Jonathan is Mohawk from Ontario, residing on Tyendinaga Mohawk Nation with his wife, Linda and four children. Founder of Broken Walls, an internationally recognized First Nations musical group and ministry, Jonathan has travelled the world for the past twenty-five years. The vision of Broken Walls is to see people from cultural minorities restored and able to walk in their destiny in the Body of Christ as partners, realizing and sharing their unique gifts and abilities. They stress that reconciliation is relational and that building trust through redemptive relationships is an important first step. They also target major issues such as suicide prevention and social struggles among both First Nations and non-natives. Jonathan also travels as a solo artist and guest speaker using culture, music and spoken word for those who wish to have an introduction to the work of Broken Walls.
Sally Susan Mathias Martel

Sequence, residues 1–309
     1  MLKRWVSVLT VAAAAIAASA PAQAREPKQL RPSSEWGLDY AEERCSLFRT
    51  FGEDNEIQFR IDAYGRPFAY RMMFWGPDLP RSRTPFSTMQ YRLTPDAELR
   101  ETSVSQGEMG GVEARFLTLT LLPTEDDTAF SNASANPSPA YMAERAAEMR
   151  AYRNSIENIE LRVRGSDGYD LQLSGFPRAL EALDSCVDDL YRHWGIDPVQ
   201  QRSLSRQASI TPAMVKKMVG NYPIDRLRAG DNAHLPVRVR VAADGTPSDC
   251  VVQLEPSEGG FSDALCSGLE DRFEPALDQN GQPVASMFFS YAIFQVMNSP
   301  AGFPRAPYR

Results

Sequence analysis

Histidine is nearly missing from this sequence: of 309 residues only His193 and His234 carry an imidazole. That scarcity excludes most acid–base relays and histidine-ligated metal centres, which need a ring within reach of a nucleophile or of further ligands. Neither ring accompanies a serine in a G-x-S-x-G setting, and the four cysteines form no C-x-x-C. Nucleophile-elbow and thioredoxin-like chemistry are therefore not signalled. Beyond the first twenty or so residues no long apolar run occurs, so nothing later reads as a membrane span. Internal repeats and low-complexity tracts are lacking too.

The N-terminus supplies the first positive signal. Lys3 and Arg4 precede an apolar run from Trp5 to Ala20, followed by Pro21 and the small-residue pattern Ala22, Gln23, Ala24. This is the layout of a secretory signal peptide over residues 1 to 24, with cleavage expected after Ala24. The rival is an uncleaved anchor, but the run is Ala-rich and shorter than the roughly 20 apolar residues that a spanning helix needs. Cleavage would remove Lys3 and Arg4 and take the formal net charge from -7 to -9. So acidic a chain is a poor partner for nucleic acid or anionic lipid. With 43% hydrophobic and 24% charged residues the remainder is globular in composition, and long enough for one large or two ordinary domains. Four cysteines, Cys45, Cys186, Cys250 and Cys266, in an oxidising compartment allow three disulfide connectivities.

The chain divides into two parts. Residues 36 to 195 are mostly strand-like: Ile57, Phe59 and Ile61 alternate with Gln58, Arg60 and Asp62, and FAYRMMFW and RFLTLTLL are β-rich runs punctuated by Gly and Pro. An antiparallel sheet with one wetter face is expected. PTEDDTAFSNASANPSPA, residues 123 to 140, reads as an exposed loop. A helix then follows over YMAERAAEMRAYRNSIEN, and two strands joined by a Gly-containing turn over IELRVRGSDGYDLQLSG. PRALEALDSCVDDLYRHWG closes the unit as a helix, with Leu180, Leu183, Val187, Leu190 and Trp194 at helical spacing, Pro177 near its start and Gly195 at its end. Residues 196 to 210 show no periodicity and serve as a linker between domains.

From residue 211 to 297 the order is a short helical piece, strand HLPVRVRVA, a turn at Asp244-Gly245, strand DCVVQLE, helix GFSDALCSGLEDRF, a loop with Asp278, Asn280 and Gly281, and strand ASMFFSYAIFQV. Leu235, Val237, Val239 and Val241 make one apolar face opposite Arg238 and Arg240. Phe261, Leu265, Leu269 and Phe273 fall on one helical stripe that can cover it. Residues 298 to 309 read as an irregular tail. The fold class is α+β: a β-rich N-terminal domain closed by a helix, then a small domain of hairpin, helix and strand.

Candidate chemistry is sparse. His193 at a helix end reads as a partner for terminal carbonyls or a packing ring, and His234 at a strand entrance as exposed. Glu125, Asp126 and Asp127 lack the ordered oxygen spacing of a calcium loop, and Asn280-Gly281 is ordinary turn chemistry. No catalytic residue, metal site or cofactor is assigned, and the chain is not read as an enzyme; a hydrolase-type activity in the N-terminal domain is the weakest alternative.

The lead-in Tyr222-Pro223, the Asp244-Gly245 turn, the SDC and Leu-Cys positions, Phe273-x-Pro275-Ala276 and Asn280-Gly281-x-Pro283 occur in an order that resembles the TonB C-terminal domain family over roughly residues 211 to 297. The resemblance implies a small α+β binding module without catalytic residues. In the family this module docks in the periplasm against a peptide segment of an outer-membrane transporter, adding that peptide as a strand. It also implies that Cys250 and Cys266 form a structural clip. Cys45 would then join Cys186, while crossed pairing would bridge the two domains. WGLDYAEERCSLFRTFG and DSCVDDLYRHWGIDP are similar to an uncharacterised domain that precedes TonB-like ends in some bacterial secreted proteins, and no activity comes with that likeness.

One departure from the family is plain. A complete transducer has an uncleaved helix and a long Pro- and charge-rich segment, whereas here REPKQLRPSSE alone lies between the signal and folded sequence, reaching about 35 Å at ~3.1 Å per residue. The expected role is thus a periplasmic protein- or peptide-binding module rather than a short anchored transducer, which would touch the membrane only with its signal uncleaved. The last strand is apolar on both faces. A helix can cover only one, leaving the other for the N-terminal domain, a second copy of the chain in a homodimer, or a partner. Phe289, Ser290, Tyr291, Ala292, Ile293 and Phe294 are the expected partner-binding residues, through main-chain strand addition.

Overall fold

Sally Susan was born to the community of Beaverhouse First Nation near Kirkland Lake Ontario. She is a member of the Tower Street First Baptist Church and married to Raymond Martel, recently celebrating their 13th year together. Sally Susan was taken from her family as a child along with 16,000 other Ontario Indigenous children, forcibly removed from their families and placed with non-Indigenous families. Sally Susan was fortunately returned to her community years later. Over time, she regained an understanding of her community and culture. Involved in community leadership for many years, she was elected Chief in 2011 and continued working for recognition and landbase of Beaverhouse First Nation. Sally Susan is the lead plaintiff in a decade long class action lawsuit - “Brown vs Canada” which established Canada’s liability to the Sixties Scoop survivors in Ontario, and led to a national settlement agreement in 2018. Through her persistence in pursuing justice on behalf of other survivors, Sally Susan has imparted a good gift to Canada: understanding that culture has value.